Introduction

Electrolysers, batteries and fuel cells all require judiciously designed and engineered (nano-) structures in their basic repeated units, on which their macroscopic performance depends critically: electronically-conducting anode (oxidation) | ion-conducting electrolyte | electronically-conducting cathode (reduction), with electron transfer reactions occurring at the interfaces (|). Such reactors need to be developed urgently, e.g. to: manage intermittency of renewable power sources, smooth dynamics of electrical power demands and decarbonise power sources, especially for electric and hybrid vehicles. Electron storage in chemical bonds offers high specific energies, electrochemical reactions being used to inject electrons into, and extract them from batteries, fuel cells or electrolysers.

3D inkjet printing is an efficient and scalable technology that can be used to fabricate solid oxide fuel cells (SOFCs) and electrolysers (SOEs), particularly during the R&D phase as prototypes can be produced rapidly. The steps involved in this process are:

  • formulation of printable inks;
  • fabrication of electrochemical reactor(s);
  • characterisation of their electrochemical performance.

This requires inputs from the disciplines of colloid science, rheology, and electrochemical engineering. When ink properties are optimised, 3D microstructures with pre-defined architectures can be fabricated reproducibly.

The project aims to develop 3D inkjet printing for fabrication of solid oxide electrolysers and fuel cells, thereby enabling reproducible electrolyte | electrolyte geometries to be fabricated with high densities of triple phase (electrode | electrolyte | pore) boundary lengths, so increasing reactor energy efficiencies, decreasing capital costs and achieving adequate robustness and hence lifetimes.

Aims and Objectives

Project aims

The project aims to develop 3D inkjet printing for fabrication of solid oxide electrolysers and fuel cells, thereby enabling reproducible electrolyte | electrolyte geometries to be fabricated with high densities of triple phase (electrode | electrolyte | pore) boundary lengths, so increasing reactor energy efficiencies, decreasing capital costs and achieving adequate robustness and hence lifetimes.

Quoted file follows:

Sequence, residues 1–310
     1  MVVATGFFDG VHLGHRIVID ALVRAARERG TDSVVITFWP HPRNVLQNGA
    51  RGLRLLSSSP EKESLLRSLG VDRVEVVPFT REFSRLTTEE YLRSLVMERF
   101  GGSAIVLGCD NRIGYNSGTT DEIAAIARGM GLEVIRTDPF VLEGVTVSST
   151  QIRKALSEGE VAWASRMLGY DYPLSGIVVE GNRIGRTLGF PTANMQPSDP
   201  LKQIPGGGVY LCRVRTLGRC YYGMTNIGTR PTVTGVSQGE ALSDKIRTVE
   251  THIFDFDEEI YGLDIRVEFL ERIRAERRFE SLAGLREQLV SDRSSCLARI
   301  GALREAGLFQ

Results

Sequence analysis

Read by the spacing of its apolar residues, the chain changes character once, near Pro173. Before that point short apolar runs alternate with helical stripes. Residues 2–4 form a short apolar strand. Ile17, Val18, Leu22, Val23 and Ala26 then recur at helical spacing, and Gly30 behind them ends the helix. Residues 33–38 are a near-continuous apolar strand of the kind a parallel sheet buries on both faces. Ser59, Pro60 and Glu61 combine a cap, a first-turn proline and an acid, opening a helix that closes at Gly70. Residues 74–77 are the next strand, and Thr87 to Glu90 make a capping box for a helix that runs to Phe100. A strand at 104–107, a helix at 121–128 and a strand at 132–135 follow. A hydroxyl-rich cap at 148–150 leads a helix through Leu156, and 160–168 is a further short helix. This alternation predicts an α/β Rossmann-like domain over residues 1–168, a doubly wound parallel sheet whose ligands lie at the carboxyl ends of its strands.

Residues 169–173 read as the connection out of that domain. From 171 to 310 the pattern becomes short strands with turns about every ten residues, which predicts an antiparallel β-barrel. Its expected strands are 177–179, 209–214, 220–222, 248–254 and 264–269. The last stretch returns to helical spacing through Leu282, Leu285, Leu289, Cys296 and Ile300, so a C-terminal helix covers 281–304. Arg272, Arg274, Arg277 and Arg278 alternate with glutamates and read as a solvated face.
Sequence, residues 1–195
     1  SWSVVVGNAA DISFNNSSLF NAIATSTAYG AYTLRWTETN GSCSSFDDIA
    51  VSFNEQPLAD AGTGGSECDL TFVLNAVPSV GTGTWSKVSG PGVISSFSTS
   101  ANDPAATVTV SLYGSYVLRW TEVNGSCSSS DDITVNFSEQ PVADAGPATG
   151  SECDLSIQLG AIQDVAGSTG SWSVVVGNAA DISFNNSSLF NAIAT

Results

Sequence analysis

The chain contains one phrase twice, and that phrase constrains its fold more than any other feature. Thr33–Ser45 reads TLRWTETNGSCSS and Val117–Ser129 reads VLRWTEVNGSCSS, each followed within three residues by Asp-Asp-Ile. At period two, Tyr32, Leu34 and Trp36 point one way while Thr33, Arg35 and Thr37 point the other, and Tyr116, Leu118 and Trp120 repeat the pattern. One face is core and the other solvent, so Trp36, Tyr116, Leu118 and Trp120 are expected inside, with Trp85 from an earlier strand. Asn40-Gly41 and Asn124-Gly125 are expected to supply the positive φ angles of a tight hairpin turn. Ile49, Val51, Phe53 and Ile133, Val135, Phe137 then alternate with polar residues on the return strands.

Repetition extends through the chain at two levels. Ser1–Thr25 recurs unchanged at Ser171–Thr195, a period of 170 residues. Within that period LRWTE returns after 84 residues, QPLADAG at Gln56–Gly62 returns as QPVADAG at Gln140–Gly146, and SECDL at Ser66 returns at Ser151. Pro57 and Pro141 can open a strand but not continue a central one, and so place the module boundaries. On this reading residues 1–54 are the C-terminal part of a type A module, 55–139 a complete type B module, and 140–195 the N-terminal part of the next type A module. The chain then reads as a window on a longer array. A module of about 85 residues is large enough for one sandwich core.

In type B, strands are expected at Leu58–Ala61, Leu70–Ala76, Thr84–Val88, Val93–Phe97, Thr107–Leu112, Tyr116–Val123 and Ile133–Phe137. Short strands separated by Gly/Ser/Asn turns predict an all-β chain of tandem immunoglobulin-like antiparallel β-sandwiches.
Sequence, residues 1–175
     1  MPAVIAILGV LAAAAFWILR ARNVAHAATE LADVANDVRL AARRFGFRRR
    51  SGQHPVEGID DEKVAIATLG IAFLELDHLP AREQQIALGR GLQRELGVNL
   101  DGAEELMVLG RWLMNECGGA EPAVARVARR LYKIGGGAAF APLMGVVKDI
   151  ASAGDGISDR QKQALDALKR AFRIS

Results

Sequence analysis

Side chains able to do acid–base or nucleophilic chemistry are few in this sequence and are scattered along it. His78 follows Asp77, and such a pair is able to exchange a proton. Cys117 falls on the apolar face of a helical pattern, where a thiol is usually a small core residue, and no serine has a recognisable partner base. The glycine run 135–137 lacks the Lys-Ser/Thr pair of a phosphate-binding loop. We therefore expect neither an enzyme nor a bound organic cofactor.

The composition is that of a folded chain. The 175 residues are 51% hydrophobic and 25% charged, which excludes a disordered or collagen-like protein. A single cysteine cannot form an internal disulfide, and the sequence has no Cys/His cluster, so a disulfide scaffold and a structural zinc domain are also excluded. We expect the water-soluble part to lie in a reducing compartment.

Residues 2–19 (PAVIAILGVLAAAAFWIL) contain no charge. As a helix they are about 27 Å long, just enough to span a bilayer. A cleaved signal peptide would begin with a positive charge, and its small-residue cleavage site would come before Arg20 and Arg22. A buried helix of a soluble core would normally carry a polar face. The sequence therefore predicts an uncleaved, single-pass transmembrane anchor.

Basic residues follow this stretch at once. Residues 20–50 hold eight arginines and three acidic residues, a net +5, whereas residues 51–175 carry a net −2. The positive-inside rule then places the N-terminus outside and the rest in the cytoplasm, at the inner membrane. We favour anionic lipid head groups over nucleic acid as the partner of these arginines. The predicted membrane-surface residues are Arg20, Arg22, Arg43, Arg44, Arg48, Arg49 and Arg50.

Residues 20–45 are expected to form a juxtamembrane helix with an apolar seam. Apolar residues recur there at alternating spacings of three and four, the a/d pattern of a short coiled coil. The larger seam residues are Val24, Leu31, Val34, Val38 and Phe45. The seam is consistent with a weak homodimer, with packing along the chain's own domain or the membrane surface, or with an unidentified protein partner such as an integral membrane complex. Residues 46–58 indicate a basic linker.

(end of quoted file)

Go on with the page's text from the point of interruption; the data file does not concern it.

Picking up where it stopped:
The project involves materials science and engineering, mathematical modelling, electrode | electrolyte and reactor design and fabrication, electrochemistry and electrochemical engineering, reactor performance characterisation, and process optimisation, with the aim of establishing relationships between materials, microstructures, properties and electrochemical reactor performance.

Electrochemical reactors using metal oxide materials for steam electrolysis at 700-900 °C to produce hydrogen and oxygen will be conceived, modelled, designed, characterised, controlled and optimised. 3D inkjet printing of metal oxide nano-particles is being used to fabricate electrodes, electrolyte | electrode structures as components of complete electrolysers and solid oxide fuel cells. The density of triple phase (electrode | electrolyte | pore) boundary lengths needs to be maximised, while minimising the spatial distribution of potential and current densities, especially normal to the electrolyte. The former will be achieved by simultaneous printing of continuous networks of NiO cathode precursors (i.e. Ni after reduction) and metal oxide (e.g. (ZrO2)0.92(Y2O3)0.08 yttrium-stabilised zirconia (YSZ)) electrolyte phases 10s of mms thick, together with a suitable organic phase to create well-defined pores after its combustion; metal oxide anodes (e.g. La0.8Sr0.2MnO3) will be deposited after sintering the cathode | electrolyte structures. Micro- and macro-spatial distributions of potential and current densities are being computed using finite element modelling to optimise the electrode and electrolyte thicknesses and geometries, thereby maximising reactor performance.

Ink